Dental Implants and the Risks Involved

Dental implants are becoming more and commonplace in the world of dentistry but there are risks involved. In response to concerns over the health risks associated with dental implants the American Academy of Implant Prosthodontists has issued this message: “Implants are made of biologically compatible materials which have undergone extensive testing over a period of several years. Since these materials are largely metals, such as titanium, and have never been living tissue, there is no likelihood of causing an antigen-antibody response which could cause rejection similar to that which sometimes occurs with heart and kidney transplants.”

A patient’s risk of problems in regards to dental implant surgery should be assesses by the attending dentist before surgery is undertaken. A patient should be up front about his or her past medical and dental history in order for the dentist to be aware of any health concerns that might arise during or following the surgery. There are risks involved with the surgery and /or the anesthesia uses as well as other medical and psychological risks.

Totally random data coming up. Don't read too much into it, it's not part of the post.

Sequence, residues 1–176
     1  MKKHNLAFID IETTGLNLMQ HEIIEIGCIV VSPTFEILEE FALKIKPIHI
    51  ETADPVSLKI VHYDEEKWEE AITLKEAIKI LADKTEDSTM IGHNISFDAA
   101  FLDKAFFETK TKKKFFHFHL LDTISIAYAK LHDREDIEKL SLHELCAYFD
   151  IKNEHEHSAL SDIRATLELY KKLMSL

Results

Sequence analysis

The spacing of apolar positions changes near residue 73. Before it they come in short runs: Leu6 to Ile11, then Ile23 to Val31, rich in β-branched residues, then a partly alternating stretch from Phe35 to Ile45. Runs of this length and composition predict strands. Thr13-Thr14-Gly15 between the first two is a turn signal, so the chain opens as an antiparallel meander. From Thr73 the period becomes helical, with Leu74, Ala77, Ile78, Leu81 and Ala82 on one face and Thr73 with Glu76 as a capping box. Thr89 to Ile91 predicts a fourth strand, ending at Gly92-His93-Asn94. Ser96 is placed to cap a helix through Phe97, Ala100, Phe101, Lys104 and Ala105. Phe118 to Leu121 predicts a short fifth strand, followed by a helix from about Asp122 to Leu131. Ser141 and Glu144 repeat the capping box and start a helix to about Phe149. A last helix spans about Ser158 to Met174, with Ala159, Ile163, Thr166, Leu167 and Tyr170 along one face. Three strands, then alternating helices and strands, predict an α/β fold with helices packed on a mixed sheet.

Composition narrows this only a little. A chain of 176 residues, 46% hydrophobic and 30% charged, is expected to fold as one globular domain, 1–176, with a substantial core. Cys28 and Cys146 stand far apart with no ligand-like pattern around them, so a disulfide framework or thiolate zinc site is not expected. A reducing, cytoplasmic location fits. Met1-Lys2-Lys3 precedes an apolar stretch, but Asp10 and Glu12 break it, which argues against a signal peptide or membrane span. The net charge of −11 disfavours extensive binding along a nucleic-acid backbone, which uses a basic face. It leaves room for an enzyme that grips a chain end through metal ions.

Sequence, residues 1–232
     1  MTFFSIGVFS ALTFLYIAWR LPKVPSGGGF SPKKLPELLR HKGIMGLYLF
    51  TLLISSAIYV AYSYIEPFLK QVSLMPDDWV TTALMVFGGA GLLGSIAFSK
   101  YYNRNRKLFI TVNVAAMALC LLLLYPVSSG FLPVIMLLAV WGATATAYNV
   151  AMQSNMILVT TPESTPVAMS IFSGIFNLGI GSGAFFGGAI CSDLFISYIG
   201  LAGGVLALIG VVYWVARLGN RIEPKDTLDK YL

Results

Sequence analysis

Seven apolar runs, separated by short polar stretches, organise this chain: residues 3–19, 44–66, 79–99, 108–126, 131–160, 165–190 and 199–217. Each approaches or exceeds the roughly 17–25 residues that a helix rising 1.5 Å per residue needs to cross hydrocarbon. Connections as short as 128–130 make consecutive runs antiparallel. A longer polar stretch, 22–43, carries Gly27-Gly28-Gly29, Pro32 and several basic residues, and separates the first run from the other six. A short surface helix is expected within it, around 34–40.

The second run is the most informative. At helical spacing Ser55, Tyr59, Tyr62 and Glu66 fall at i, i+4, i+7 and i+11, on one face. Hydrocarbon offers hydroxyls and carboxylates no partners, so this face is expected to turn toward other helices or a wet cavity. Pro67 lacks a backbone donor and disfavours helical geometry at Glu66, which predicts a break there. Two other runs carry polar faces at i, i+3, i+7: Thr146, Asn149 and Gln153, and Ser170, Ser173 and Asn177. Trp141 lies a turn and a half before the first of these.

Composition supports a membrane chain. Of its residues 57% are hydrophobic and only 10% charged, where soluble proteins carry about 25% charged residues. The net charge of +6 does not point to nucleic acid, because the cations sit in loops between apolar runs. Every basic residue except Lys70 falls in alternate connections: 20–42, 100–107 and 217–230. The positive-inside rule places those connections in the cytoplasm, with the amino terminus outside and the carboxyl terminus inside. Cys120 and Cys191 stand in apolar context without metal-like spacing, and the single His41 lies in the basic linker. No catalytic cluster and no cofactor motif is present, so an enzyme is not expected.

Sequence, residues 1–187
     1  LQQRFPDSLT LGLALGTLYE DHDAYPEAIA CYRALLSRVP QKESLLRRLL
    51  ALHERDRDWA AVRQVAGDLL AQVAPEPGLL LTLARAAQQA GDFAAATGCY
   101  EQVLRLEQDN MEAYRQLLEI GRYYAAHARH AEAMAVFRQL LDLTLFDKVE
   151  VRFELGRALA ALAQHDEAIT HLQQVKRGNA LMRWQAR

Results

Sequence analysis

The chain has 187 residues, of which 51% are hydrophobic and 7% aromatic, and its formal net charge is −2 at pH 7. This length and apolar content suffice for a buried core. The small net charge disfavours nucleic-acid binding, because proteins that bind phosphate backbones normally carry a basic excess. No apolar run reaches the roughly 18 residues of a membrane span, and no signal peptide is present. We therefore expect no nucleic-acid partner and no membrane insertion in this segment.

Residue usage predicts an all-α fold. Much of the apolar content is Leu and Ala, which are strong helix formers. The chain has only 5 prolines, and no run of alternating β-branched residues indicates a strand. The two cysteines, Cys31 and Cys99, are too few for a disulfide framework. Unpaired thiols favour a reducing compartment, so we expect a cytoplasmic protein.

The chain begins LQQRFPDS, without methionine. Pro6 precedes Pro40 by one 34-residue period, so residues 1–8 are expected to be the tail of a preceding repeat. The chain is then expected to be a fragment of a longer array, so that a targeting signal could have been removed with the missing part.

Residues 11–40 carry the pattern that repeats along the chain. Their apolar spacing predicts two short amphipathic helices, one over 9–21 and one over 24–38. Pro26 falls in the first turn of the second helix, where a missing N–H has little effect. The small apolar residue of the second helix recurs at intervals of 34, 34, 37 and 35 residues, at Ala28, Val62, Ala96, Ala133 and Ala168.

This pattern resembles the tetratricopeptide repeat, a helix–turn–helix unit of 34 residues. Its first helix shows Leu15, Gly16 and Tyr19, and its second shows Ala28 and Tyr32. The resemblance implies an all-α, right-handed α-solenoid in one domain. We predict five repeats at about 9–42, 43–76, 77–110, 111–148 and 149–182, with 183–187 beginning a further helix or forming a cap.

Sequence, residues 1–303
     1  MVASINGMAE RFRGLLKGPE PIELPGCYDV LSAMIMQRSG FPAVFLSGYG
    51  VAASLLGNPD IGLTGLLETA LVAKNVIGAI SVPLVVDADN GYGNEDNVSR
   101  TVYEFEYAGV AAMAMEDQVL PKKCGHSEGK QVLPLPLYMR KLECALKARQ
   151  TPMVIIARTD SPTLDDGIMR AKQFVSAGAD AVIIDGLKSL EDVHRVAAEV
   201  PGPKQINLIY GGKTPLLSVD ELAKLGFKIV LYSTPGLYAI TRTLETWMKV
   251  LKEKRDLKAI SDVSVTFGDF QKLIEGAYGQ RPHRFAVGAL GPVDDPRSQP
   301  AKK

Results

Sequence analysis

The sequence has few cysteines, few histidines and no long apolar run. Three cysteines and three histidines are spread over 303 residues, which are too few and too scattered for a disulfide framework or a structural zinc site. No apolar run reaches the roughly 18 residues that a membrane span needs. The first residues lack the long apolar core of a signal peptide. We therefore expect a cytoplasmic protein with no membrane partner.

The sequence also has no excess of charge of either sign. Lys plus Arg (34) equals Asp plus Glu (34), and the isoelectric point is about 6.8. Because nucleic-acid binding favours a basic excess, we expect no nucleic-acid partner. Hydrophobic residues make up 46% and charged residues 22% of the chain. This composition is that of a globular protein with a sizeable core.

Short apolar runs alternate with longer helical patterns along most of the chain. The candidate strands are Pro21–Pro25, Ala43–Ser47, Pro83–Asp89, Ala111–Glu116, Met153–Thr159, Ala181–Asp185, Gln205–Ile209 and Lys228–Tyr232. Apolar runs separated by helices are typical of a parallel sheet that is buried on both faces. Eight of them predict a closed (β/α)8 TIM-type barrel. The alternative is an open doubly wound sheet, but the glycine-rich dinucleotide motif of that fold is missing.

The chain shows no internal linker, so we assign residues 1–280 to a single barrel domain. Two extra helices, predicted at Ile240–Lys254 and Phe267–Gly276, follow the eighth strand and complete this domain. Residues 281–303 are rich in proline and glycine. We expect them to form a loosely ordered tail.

Risks that are directly tied into the surgery include local and systemic infection, nerve injury and the possibly that there will be “inadvertent perforation of the nasal sinus.” Psychological factors can also play a role in how a patient responds both during and after the surgery as well as to what extent he or she will follow the oral hygiene maintenance that is required of them after surgery in order to facilitate the healing process. What is happening in a person’s personal and professional life and the stressors they are facing make a difference as well. Some of these psychological stressors include, but are not limited to, the family, financial status, job satisfaction and health worries. People who have problems in regards to anxiety, depression, extreme neurotic behaviors, fears about medical procedures as well as past negative dental or medical experiences might need to talk there concerns out beforehand with a trained therapist or counselor at the hospital.